John Drew received his Ph.D. in Political Science from Cornell University, where he wrote his dissertation on the origins of the American welfare system. In 1989, he won the American Political Science Association's William Anderson Award for the best Ph.D. dissertation in the nation in his field. Drew has taught at Williams College and the University of Oregon, and currently teaches at Los Angeles Mission College.
Howard Gensler is an Assistant Professor of Business Law and Taxation in the Accounting Department at The Hong Kong University of Science and Technology. Gensler holds a J.D. from the University of California, Berkeley, and a Ph.D. in Economics from the University of California, Irvine. His dissertation was on the American welfare system. He is the former Dean of the Northrop University School of Law and Graduate Tax Program and has published several articles on tax policy and the economics of welfare. Gensler is particularly interested in the potential for reform of both the welfare and the income tax systems through a negative income tax approach. Gensler notes that a flat tax combined with a refundable credit can replicate most progressive rate schedules, simplify the tax law, and solve many of the problems with welfare.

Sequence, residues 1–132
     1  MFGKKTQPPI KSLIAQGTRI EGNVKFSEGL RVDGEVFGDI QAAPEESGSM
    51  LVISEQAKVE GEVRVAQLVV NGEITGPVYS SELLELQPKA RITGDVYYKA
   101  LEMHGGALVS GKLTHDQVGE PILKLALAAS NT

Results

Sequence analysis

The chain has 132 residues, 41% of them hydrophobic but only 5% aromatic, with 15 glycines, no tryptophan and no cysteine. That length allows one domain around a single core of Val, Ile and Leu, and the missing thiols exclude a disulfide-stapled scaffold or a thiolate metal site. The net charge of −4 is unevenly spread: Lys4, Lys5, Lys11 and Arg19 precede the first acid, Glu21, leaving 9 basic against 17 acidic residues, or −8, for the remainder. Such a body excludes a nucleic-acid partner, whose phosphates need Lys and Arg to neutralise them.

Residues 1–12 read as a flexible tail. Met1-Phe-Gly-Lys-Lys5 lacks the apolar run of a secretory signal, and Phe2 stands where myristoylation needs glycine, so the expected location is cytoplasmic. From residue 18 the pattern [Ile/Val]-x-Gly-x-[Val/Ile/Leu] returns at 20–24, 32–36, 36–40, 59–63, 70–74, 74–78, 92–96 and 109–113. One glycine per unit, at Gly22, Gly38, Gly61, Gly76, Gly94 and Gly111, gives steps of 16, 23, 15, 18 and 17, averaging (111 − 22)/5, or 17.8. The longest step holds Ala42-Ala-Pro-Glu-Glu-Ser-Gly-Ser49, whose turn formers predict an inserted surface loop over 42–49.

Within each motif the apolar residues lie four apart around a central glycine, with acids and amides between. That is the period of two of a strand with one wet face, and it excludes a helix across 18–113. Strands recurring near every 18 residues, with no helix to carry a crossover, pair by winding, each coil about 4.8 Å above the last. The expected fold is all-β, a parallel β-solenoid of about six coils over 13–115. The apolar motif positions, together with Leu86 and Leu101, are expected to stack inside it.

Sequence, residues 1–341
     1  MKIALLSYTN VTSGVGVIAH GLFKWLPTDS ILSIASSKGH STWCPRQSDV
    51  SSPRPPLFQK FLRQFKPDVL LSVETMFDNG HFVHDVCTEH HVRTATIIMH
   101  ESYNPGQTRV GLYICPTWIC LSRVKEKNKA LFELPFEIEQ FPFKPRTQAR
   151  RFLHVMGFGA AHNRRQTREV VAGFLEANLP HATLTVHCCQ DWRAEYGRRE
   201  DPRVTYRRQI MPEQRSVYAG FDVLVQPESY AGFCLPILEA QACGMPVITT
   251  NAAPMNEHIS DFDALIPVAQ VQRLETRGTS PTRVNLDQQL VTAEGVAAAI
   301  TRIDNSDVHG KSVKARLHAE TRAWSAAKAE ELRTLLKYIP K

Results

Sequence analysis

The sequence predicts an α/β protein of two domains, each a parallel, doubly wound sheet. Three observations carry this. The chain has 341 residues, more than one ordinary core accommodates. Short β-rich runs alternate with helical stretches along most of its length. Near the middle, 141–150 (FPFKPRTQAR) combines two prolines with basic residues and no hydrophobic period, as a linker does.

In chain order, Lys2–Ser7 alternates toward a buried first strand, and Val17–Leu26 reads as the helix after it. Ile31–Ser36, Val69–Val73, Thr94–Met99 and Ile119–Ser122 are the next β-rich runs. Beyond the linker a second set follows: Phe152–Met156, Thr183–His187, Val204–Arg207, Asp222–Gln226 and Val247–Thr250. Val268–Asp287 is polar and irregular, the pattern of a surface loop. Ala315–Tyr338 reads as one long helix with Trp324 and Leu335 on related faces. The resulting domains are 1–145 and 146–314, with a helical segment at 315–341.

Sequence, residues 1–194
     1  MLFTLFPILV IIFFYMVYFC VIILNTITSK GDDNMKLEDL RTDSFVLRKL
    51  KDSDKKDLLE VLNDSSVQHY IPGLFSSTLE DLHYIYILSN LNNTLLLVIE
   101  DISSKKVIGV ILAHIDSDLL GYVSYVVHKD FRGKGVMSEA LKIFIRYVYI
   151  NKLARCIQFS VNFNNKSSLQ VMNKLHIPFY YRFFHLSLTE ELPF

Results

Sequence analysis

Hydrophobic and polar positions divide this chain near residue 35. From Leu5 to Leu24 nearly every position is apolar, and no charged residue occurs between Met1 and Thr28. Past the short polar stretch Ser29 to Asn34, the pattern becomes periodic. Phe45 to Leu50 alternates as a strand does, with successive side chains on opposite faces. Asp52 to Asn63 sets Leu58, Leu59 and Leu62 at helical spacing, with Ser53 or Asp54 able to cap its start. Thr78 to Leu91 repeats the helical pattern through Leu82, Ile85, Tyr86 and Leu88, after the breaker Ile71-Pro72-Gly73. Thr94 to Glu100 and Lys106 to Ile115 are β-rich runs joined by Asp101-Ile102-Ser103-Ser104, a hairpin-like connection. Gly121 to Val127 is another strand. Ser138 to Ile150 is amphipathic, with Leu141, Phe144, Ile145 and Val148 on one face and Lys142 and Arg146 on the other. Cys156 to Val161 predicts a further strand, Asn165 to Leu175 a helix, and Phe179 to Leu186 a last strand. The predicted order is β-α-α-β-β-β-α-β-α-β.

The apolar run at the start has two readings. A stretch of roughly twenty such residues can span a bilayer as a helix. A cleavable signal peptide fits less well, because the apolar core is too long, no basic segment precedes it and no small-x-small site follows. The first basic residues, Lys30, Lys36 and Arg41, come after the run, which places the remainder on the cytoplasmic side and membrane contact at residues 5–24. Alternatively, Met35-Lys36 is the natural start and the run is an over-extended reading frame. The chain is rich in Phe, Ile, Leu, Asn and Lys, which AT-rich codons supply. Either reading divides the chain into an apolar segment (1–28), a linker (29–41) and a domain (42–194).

D. Eric Schansberg is an Assistant Professor of Economics at Indiana University-Southeast in New Albany. Since earning his Ph.D. in Economics at Texas A&M University, he has published a number of academic journal articles on the congressional labor market, especially concerning the effects of term limits on Congress and politicians. His articles have appeared in Economics and Politics, Public Choice, and Economic Inquiry. He is also the author of a book on public policies that affect the poor: Poor Policy: How Government Harms the Poor. The book analyzes welfare policy and features a discussion of how interest groups use political markets to benefit themselves -- but in a way that inadvertently, but consistently, harms the poor.